In this light filled dockside painting I tried to keep the white shapes to really work against the shadows and bright colors. Before you begin a painting that has a need for interesting shadows make sure that you understand the direction of the light and then it is my thought that you should try to make them an interesting and creative part of the painting. Don’t just make them a little thin dark line at the roof do something to make them a real part of your painting.
Run a wash of cerulean and cobalt blue for the sky and water, leave some light in both, with a wash of new gamboge and cobalt blue paint in the distant land mass.
Paint the foreground rocks and weed shapes using bright pieces of burnt sienna, new gamboge, olive green and ultramarine blue and let the colors merge on the paper. Leave some angular whites for the impression of rocks.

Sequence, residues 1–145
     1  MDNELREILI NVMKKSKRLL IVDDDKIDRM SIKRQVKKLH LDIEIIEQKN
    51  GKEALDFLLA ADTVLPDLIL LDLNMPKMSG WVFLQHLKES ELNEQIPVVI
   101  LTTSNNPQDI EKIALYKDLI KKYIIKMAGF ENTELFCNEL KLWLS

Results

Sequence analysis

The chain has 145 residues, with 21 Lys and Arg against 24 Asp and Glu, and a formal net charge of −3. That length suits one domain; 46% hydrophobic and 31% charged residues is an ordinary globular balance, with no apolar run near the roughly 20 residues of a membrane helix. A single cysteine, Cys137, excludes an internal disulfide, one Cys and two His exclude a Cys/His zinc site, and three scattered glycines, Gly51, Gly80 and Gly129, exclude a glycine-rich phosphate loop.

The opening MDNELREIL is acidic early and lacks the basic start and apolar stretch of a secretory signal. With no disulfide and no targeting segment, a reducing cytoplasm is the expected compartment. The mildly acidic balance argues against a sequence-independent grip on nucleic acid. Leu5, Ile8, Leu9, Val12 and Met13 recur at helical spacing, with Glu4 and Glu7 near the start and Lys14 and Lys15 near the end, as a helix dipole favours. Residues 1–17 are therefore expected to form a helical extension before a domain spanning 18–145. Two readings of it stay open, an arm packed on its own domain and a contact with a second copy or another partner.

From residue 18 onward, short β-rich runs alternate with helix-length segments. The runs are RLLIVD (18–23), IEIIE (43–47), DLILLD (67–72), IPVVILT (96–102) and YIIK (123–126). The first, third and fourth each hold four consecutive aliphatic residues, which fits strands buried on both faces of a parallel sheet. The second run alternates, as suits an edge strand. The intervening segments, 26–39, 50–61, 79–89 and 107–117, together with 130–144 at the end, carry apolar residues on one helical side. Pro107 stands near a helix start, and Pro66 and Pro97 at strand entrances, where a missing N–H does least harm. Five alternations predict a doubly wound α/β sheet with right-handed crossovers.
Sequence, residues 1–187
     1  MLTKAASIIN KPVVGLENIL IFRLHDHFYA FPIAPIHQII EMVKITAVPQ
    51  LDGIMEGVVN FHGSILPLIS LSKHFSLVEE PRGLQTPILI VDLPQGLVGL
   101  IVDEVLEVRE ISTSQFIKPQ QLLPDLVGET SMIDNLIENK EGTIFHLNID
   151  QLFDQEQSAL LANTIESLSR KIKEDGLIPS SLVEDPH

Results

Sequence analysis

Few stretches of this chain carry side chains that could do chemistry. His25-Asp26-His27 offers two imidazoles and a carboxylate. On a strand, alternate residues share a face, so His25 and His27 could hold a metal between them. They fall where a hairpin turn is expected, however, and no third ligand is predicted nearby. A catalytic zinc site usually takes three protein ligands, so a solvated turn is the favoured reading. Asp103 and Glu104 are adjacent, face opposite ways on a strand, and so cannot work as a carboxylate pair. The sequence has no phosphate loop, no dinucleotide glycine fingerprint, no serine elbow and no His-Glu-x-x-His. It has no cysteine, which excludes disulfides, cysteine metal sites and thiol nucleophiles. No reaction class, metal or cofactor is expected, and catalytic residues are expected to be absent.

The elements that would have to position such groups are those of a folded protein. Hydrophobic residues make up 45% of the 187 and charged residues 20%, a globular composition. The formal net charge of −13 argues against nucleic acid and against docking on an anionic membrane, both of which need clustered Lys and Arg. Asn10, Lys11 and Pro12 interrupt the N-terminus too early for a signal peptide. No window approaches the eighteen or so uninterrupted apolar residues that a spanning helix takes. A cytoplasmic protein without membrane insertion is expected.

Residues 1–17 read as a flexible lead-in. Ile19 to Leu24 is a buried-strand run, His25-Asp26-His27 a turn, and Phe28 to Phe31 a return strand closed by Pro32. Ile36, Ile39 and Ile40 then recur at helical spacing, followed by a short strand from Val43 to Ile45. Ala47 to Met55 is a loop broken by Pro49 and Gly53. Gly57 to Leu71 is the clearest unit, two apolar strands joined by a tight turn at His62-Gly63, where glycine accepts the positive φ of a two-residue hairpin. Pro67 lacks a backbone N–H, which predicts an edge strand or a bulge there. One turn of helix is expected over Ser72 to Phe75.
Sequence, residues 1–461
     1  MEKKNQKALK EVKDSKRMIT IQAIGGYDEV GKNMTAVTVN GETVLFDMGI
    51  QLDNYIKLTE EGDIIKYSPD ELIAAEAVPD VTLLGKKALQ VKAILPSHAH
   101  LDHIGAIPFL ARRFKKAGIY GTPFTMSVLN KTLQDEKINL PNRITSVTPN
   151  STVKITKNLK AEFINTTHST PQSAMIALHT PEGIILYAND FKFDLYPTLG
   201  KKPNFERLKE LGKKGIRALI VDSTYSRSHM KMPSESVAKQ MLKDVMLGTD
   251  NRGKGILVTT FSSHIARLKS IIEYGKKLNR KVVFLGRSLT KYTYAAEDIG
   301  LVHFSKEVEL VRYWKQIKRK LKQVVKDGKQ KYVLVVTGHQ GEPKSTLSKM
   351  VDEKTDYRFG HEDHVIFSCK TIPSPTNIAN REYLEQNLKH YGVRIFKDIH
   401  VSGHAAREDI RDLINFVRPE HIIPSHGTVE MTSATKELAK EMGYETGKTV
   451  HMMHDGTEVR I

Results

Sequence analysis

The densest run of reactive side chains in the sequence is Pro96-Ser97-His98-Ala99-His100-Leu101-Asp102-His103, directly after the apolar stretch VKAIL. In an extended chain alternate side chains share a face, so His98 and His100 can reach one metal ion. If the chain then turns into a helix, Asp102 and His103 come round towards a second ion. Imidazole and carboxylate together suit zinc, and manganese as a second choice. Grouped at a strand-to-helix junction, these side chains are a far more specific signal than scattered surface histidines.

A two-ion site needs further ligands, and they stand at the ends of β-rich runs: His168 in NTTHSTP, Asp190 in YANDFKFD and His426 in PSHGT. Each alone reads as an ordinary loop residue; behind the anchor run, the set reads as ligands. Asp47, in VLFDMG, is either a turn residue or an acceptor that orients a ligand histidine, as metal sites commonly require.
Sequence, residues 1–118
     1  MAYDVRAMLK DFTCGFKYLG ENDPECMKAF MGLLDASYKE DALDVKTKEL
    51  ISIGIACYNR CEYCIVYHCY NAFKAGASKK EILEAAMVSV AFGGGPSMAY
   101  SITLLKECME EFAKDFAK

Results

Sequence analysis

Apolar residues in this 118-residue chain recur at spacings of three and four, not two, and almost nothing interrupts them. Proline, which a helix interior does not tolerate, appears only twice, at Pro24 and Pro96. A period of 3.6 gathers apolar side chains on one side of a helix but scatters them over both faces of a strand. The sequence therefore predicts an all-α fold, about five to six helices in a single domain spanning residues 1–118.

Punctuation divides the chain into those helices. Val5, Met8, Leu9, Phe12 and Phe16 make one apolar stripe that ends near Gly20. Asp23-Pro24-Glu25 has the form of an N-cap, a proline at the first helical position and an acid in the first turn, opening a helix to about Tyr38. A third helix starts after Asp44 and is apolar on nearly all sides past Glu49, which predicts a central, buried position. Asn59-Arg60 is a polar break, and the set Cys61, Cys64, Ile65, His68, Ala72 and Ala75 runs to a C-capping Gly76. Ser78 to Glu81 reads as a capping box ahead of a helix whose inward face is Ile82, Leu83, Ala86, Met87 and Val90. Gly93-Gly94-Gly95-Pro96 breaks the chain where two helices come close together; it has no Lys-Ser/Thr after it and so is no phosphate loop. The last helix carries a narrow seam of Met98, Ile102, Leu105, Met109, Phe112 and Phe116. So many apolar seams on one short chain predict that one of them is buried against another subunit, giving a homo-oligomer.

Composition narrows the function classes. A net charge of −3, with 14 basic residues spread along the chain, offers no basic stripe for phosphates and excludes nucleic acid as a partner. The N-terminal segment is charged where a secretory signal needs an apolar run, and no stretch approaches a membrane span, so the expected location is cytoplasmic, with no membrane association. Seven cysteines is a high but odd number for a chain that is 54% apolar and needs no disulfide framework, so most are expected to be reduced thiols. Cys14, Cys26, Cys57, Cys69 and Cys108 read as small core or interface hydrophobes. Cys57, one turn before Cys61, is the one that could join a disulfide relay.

With a knife scrape a few marks indicating weed stems and with a flat scraper lift off the highlights on the rocks. Using the side of a round brush charged with new gamboge and ultramarine blue paint the trees behind the building, leave some lights peeking through. Mix a light cool gray color using ultramarine blue, burnt sienna and cobalt violet for the shadow, like the color before you use it, don’t just mix a flat murky gray and slap it on the building really make a color that is interesting. Then brush a little raw sienna at the top of the shadow and let it bleed into the shadow. Let it be.
Paint in the dock and boat, try to mix a better gray than I did, oops, I wasn’t thinking. It is a mix of cobalt blue, burnt sienna, and cobalt violet, get some drybush and keep it really simple. Paint in some details for windows and doors. Put in a few tree marks and weeds in the front and start another painting.
15 x 22 arches rough, “Back Cove”